[Truncated] Highly specific ecological interactions can pose significant conservation challenges, as practitioners require an intimate knowledge of all species involved. Orchids are frequently dependent on both specialised pollinator and mycorrhizal interactions. When combined with their tendency to exist in naturally patchy populations they may be particularly susceptible to disturbance. The rare and threatened orchid, Drakaea elastica is endemic to southwestern Australia and is the focus of ongoing conservation programs. As a consequence of extensive land clearing across its range the majority of known plants are restricted to two regions. Drakaea elastica is pollinated by male Zaspilothynnus gilesi thynnine wasps that it lures to the flower by sexual deception. The goal of this study was to investigate the habitat requirements, pollination ecology and population genetic structure of D. elastica to inform in situ conservation and guide future reintroduction and habitat restoration programs.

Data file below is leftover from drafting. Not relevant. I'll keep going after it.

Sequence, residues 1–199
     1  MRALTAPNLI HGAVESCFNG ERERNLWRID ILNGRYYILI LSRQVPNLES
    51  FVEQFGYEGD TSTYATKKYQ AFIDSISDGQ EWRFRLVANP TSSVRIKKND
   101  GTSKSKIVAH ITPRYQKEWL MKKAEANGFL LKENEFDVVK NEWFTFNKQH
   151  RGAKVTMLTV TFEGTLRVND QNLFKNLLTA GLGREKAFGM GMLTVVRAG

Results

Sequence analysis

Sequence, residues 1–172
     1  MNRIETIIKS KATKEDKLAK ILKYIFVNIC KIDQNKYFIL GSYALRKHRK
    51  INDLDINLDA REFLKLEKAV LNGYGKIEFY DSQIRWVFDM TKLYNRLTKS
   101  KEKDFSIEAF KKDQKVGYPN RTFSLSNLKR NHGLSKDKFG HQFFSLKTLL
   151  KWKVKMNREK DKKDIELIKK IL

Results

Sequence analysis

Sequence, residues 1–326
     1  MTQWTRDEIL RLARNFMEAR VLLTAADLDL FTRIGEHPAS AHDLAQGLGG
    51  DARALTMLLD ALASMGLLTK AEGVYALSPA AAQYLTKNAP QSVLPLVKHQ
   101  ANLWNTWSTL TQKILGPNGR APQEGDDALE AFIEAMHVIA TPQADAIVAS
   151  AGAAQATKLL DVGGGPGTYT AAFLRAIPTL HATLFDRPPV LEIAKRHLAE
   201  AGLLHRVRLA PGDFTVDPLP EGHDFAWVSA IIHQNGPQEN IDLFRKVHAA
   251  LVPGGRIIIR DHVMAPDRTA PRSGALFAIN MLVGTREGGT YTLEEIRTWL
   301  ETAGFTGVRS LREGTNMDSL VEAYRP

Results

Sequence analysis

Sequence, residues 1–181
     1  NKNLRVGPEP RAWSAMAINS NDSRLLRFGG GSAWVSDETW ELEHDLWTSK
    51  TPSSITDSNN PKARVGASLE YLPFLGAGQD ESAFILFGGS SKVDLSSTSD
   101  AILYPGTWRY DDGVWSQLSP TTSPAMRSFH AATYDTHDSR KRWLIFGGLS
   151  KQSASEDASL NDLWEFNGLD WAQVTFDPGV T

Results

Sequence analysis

A major limitation to plant recruitment is the availability of suitable microsites for germination and growth. The structural microhabitat requirements of adult D. elastica plants were investigated by comparing occupied microsites between regions and occupied to random microsites within regions. Although there were significant regional differences in median values for some microhabitat variables, the differences between occupied and random microsites were similar for both regions. This analysis revealed that D. elastica requires open microsites with patches of bare sand, sparse understorey and moderate canopy cover. The observed regional differences in microhabitat variables may be a result of differing groundwater tables. The requirement for open sandy microsites with low litter and shrub cover may be linked to the competitive performance of the mycorrhizal endophyte, or due to the detrimental effects of shading of adult plants.
|Qualification||Doctor of Philosophy|
|Publication status||Unpublished - 2013|